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July 11, 2011 - Image 4

Resource type:
Michigan Daily Summer Weekly, 2011-07-11

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Monday, July 11, 2011
The Michigan Daily - michigandaily.com

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Edited and managed by students at
the University of Michigan since 1890.
420 Maynard St.
Ann Arbor, MI 48109




Unsigned editorials reflect the official position of the Daily's editorial board.
All other signed articles and illustrations represent solely the views of their authors.
D itch the ban
Students should be allowed to smoke on campus
n July 1, and without much of a fuss, the University
campus became smoke free. Taking a page out of the
nanny state constitution, it seems that the University
believes personal choice is subordinate to the lifestyle they
want to instill in their students. With the smoking ban, the
University has created an imperious policy that infringes on
the rights of the individual. University officials have little
business instructing a person on how they indulge their lei-
sure time. If an individual wants to smoke cigarettes outdoors,
they should be allowed to. To this end, the University must
reverse the overbearing and overtly-parental smoking ban.

I grew up in a world where every-
one was forced to watch the same
news - the voices of Peter Jennings,
Tom Brokaw and Dan Rather - "The
Big Three" - almost single-handedly
shaped the nightly dinner-table con-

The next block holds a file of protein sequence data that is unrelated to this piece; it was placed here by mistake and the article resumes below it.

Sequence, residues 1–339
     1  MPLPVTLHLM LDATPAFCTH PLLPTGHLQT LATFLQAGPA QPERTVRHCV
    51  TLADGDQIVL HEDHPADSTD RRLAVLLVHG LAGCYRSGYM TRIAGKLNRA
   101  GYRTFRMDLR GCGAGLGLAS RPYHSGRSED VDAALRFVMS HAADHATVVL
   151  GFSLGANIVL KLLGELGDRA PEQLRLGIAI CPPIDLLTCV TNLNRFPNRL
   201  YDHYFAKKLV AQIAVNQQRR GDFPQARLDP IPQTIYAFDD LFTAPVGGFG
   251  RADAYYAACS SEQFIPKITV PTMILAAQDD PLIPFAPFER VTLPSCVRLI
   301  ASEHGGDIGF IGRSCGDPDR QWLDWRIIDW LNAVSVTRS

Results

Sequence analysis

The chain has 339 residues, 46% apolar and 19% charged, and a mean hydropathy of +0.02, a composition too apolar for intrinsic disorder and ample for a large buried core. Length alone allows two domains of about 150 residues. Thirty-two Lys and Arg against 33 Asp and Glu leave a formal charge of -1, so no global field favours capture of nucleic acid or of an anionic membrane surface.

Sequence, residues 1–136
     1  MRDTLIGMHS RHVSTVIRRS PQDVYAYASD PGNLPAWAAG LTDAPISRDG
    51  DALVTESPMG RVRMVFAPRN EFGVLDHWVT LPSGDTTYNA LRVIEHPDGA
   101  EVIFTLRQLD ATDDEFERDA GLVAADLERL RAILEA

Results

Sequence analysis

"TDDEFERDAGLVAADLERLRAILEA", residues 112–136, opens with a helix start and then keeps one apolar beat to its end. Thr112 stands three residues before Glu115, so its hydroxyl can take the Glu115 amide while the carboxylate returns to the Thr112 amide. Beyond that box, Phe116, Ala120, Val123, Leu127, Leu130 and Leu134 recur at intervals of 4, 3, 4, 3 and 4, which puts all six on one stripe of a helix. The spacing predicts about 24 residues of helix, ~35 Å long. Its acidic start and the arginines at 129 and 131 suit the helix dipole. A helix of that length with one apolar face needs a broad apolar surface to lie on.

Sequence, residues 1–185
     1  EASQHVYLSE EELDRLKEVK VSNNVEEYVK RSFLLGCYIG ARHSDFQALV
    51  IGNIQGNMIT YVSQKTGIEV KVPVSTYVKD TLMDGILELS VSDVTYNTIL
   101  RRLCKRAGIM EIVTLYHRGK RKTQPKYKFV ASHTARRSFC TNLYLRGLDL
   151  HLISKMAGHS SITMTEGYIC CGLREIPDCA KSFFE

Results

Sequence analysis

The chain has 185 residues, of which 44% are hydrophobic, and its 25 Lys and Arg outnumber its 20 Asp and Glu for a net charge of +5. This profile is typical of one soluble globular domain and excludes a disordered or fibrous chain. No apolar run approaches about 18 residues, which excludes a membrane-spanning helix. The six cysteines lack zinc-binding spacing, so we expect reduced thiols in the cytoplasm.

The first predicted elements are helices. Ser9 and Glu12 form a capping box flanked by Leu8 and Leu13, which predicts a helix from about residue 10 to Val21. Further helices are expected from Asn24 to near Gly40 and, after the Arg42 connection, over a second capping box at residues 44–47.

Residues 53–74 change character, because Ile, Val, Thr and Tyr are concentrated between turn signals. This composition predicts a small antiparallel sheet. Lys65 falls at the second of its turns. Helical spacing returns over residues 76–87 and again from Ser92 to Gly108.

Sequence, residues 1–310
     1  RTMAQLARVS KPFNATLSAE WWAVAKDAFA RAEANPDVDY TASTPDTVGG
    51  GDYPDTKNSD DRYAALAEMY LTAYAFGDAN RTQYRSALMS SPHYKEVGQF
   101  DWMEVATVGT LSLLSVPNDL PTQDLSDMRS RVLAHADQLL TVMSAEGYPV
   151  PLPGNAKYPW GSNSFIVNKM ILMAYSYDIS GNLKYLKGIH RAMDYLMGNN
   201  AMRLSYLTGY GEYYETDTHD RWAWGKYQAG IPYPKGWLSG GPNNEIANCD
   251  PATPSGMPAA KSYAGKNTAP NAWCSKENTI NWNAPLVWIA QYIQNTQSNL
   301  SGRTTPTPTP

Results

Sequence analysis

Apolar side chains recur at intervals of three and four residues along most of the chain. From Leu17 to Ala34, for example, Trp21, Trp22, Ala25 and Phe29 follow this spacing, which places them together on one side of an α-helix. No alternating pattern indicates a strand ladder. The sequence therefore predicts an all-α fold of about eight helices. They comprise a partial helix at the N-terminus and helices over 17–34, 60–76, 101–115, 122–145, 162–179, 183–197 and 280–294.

versation. Today we see the principle
of three networks monopolizing our
news as archaic and undemocratic
- not having the freedom to choose
sounds altogether un-American.
The fall of the news anchors -
beginning with the 2005 death of
Jennings - left the networks in flux,
causing a vacuum effect within the
media that paved the way for today's
new-media age of mass customiza-
tion and niche coverage. We sud-
denly had the freedom to choose and
customize; it wasn't the news, it was
our news. We heard what we wanted
to hear. But with our newfound free-
dom we also created a monster.
One-sided narratives took hold
and absorbing the news became an
exercise in reaffirmingand strength-
ening our pre-existing beliefs, thus
hardening our stances and views -
we created a culture of ideologues.
In support of the older model, com-
munications scholar Cass Sunstein
asserts, "gathering citizens in a sin-
gle public space" to discuss the news
actually helps democracy by stimu-
lating conversation across ideologi-
cal lines. It's now easier than ever to
filter out information that conflicts
with your particular leaning - it
takes just a click of the mouse.
John Stuart Mill once proclaimed,
"It's hardly possible to overstate the
value... of placing human beings in
contact with other persons dissimi-
lar to themselves... such communi-
cation has always been... one of the
primary sources of progress." Unfor-
tunately, when we only listen to
people who are similar to ourselves,
we each see the world with tunnel-
vision, grinding progress to a halt.
Enter the current debt crisis.
Congress must raise America's
debt ceiling by August 2 or the
Treasury will be unable to fulfill its
obligations. The Bipartisan Policy
Center says failure to raise the debt
ceiling would result in an immedi-
ate 44-percent spending cut and a
ten-percent drop in GDP along with
another recession - or we could
default on our debt. The other choice
is for our representatives to com-
promise and raise the debt ceiling.
Anyone with a brain knows what we
need to do as a country, but we've
shown we don't tolerate compromise
from our leaders.

The partisan divide and legislative
gridlock is sosevere that Standard
& Poor's downgraded U.S. credit
due to the lack of a plan for meet-
ing its financial obligations. Markets
have frozen, hiring has stopped, and
another recession could occur simply
because the leaders of the current
Republican Party care more about
preventing Obama's reelection.
Republican governor Charlie Crist
of Florida, the once highly-popular
moderate politician, was suddenly
abandoned by Republicans because
he compromised with Democrats
too often. Crist is now out of politics.